Monday, February 06, 2017

Ancient Writing on Rocks: Did others get here before Columbus?

An excerpt from "Ancient Writing on Rocks." 

[This book, and others by Nyerges, are available from Kindle, Amazon, or the Store at]


 Remember, there was a challenge when news of this discovery  first appeared in the local newspaper. I was asked, “How did (they) get all the way over here?” ["They" being whomever inscribed these rocks in a Western European language]

Of course, my answer was “boats.” (How else?!!)

Trans-Pacific and trans-Atlantic travel almost certainly occurred, bringing various travelers to North and South America in the pre-Columbian days.

Even one of the biggest skeptics of diffusionism, Eric Lurio, author of “A Fractured History of the Discovery of America,” admits that oceanic voyages to North America occurred.  Lurio did his research, and seems to know of every theory of contact with the Old and New World, and generally only discusses the aspects of these theories which help to debunk each one. For example, although the average 3rd grader will look at the giant Olmec heads from Mexico and tell you they look African, Lurio will tell you that certain features we regard as “African” aren’t actually that rare south of the Rio Grande.  Really?  Should we wonder why?  Most of Lurio’s arguments are not objectively scientific, but rather involved lots of fun and ridicule.

To be fair, Lurio’s premise is that just getting to America doesn’t constitute a “discovery” – he lists his 3 “rules” which he regards as the basis for a discovery by his definition, and based on those rules, Columbus wins.

Nevertheless, he admits that folks sailed all the way across the Atlantic to the L’Anse Aux Meadow in Newfoundland around 986 A.D., but he dismisses any evidence that folks may have sailed further south.  The Kensington Stone, the Newport Tower, Saint Brendan, and Madoc are all regarded as hoaxes, frauds, or fairy tales.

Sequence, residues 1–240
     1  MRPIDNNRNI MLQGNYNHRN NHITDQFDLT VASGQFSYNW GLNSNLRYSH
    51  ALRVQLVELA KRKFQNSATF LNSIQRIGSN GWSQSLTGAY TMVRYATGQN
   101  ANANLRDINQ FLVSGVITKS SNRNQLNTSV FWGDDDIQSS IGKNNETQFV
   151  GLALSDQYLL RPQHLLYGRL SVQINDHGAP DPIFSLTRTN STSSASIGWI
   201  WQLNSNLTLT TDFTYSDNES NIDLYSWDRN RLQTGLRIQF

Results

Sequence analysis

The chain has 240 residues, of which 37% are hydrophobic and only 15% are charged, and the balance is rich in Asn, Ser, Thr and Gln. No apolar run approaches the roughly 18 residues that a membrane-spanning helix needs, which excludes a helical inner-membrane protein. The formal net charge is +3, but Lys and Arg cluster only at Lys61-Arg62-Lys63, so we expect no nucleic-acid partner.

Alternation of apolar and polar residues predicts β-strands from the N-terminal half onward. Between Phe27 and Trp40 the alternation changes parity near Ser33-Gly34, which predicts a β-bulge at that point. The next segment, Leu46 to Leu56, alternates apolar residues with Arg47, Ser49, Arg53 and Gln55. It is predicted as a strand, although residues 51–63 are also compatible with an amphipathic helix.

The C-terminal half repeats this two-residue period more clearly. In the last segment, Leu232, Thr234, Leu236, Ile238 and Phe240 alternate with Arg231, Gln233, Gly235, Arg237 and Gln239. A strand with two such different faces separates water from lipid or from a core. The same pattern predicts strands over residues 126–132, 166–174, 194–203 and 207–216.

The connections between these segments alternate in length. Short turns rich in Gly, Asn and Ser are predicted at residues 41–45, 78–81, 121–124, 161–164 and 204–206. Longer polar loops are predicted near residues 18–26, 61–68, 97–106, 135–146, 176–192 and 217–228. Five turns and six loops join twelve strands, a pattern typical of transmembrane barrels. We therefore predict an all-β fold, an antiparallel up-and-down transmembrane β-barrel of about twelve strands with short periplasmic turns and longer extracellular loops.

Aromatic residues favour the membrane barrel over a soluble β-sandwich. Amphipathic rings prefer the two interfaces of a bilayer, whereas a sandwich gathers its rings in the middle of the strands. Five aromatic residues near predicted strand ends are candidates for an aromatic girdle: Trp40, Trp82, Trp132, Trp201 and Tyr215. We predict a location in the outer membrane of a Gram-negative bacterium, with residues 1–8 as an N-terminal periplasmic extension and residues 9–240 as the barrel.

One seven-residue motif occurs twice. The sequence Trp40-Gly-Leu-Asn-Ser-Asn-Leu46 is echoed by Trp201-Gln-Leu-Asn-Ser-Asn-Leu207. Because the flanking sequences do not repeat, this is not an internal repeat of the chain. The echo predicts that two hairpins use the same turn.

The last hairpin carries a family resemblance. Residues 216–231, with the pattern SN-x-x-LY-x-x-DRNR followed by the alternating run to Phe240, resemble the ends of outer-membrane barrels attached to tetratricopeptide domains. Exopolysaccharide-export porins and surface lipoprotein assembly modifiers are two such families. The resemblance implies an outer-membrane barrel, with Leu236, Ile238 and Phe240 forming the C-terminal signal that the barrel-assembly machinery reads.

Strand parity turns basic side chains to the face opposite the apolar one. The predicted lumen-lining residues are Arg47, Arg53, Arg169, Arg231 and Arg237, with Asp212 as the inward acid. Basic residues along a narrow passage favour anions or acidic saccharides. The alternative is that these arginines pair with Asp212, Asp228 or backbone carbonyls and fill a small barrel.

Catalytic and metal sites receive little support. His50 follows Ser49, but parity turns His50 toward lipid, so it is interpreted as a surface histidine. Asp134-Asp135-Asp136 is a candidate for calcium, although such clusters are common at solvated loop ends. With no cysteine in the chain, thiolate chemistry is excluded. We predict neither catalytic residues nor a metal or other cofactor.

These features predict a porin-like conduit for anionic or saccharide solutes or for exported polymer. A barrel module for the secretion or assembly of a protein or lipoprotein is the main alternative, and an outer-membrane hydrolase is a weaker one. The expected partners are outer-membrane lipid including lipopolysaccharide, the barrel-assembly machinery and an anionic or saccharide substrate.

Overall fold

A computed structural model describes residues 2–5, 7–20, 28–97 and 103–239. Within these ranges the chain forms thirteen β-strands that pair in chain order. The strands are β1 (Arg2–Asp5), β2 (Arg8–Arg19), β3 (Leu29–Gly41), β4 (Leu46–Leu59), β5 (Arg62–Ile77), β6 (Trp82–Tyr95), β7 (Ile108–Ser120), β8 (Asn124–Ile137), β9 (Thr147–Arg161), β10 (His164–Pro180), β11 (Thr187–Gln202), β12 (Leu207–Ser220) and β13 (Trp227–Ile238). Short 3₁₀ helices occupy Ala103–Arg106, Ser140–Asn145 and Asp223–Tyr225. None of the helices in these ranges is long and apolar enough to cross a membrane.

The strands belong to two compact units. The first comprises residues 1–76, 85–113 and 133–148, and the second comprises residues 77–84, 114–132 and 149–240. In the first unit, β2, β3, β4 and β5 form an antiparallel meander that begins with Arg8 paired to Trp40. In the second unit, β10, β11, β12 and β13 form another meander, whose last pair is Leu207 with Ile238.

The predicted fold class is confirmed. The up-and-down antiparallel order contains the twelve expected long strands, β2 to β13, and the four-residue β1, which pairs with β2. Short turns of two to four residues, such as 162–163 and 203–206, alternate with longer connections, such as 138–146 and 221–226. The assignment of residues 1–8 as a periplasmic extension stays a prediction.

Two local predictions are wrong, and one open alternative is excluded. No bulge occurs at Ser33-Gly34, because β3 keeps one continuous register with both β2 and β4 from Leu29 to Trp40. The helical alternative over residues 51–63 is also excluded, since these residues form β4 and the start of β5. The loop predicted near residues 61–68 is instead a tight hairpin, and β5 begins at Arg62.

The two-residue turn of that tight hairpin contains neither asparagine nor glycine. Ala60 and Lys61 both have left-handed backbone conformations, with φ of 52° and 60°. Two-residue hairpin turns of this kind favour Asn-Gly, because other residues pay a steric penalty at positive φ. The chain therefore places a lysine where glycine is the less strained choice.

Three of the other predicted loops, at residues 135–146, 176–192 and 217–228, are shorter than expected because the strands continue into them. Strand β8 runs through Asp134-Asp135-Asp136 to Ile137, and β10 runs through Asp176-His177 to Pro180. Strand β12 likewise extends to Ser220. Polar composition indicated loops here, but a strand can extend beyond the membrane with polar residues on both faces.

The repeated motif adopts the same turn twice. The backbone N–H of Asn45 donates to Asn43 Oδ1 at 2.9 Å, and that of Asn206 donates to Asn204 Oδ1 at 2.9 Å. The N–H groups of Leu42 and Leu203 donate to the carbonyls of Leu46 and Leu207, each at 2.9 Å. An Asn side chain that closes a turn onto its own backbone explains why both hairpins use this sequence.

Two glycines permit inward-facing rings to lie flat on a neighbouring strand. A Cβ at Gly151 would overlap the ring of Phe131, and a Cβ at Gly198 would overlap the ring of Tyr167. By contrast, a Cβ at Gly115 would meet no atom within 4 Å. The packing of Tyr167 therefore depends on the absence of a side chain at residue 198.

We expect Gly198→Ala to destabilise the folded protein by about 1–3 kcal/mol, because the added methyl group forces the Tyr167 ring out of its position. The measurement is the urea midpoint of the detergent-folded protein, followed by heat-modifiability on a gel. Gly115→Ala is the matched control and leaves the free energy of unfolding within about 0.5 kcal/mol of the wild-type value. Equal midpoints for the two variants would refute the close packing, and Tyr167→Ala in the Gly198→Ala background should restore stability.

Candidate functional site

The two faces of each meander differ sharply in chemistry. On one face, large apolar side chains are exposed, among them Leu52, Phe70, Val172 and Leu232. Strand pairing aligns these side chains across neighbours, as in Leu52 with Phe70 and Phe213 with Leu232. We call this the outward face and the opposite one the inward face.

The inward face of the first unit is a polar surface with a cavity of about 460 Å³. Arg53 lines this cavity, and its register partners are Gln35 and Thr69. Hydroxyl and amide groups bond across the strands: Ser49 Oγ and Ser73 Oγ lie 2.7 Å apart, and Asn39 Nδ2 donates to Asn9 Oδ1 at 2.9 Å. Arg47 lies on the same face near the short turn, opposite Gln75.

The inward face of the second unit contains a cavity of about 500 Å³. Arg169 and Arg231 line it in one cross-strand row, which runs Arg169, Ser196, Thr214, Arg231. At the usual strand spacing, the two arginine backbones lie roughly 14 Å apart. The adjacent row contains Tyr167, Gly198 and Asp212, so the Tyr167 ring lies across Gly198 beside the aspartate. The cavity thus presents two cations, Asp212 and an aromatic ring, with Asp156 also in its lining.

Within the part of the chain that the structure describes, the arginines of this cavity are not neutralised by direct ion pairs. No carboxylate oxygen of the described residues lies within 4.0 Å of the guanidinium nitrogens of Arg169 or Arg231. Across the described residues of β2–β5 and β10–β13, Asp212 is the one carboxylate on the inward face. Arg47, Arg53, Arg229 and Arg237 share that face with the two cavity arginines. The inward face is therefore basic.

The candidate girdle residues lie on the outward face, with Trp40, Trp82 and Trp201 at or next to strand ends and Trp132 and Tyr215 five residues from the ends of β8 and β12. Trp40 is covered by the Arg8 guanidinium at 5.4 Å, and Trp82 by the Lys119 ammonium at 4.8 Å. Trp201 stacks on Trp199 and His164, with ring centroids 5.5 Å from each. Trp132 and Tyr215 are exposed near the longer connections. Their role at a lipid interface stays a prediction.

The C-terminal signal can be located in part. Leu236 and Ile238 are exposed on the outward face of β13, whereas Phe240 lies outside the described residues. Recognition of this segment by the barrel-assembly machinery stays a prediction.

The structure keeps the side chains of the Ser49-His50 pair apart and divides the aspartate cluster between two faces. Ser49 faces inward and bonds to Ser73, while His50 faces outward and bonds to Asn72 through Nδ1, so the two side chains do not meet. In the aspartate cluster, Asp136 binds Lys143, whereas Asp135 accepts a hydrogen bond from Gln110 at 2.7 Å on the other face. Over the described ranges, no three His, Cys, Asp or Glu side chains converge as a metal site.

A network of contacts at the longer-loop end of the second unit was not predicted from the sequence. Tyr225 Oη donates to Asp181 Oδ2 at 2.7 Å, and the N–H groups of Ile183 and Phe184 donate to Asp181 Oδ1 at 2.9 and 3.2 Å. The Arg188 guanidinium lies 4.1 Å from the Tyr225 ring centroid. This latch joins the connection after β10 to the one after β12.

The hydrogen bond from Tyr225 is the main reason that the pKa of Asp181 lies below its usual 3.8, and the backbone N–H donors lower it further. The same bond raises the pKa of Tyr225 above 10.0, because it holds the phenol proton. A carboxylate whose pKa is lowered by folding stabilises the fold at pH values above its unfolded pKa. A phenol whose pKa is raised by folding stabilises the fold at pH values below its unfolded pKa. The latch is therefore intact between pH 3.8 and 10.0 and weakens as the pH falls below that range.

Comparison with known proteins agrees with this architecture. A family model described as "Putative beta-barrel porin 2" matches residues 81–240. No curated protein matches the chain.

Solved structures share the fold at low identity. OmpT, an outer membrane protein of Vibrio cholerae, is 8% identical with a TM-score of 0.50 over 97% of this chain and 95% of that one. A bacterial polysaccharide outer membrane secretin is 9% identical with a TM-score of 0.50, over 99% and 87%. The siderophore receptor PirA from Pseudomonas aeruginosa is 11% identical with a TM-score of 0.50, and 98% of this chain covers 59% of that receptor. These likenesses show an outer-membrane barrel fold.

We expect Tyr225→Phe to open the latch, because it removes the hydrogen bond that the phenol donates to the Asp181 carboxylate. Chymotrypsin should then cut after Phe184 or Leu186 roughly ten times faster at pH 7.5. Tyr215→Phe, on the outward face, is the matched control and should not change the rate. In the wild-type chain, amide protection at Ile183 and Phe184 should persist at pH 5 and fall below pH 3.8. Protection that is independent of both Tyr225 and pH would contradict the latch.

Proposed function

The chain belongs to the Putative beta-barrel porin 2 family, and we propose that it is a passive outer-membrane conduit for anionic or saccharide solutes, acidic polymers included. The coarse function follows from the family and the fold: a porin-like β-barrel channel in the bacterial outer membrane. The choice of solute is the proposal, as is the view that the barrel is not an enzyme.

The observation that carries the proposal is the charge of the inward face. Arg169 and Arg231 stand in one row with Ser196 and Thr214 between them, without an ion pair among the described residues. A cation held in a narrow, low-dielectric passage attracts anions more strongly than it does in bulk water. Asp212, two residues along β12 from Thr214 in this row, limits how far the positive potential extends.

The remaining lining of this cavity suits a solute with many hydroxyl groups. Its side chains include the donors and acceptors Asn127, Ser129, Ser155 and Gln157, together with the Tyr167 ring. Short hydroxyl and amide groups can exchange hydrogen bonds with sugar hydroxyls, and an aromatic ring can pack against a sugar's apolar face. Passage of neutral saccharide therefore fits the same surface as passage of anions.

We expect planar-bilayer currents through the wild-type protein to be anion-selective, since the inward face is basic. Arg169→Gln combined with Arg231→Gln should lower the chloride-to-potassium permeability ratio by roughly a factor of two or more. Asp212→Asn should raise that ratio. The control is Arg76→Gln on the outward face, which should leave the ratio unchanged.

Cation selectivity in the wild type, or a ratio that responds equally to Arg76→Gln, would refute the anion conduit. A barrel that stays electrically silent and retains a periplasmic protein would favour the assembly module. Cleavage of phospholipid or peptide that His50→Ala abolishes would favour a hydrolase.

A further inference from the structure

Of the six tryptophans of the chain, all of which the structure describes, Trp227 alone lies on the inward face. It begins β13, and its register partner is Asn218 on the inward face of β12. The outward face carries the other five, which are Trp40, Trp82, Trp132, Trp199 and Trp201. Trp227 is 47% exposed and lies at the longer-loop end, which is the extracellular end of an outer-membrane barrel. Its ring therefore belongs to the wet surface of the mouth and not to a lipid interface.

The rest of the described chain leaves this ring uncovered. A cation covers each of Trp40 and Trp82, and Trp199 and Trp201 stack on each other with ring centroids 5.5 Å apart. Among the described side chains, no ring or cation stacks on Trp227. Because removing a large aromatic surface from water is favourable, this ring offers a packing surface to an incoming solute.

But when it comes  to sweet potatoes, he recognizes that they are native to North America and somehow became popular with Polynesians before 1492.  “Just how the Polynesians got them is a mystery,” writes Lurio.  “Either an Amerindian must have gotten to Polynesia, or a Polynesian must have gotten to America,” he admits.

On page 49 of his book, he describes artifacts that were found in 1975 at the tip of the Olympic Peninsula in  Washington  which have continued to perplex archaeologists.  At the site, called Ozette, there was apparently a massive landslide around 1495 to 1500 which buried everything, and even such perishable things as baskets were preserved.

Archaeologists found a few dozen smelted iron knives blades and pieces of bamboo in the excavation.  According to Lurio, the current theory is that “some poor Japanese sailors got caught in a storm and were blown out to sea.  They drifted along the Kirusiro, or Japanese current, for six months or so before being shipwrecked on the American west coast.  It’s been estimated that there were two or three such shipwrecks per century…

“Transpacific contact happened.  But it was nothing like what its advocates say.  The plain fact is that except for the Arctic – where the Pacific is only 56 miles across and there was plenty of contact, trans-Pacific contact was limited to tiny incidents that, with the exception of the Polynesian discovery of the sweet potato and maybe some 5,000-year-old pottery designs, left absolutely no impact on either the Asians or the Amerindians.  So this cannot qualify as a ‘discovery’ of America.”

Indeed!  I was never arguing about “discovery” here, just that ancient people could and did travel the oceans, and that ample evidence shows that they could, and did, get here to the west coast of the U.S.

That’s what Thor Heyerdahl spent his life trying to prove, and he did it with little reed boats.

Back in the days of Julius Caesar, battles were fought on the Mediterranean using huge ships, not small reed boats like Heyerdahl.  Two Roman era ships recovered in Lake Nemi were about 230 and 240 feet long, with 37-foot-long oars, putting to rest the debate whether or not the Romans actually could have built ships as big as they described in their writings. Clearly, these were vessels capable of sailing the open sea.  [See also Julius Caesar’s descriptions of Celtic boats in Book 3 of his De Bello Gallico (Gallic Wars), written in 56 B.C.E.]

[Continued in the book]

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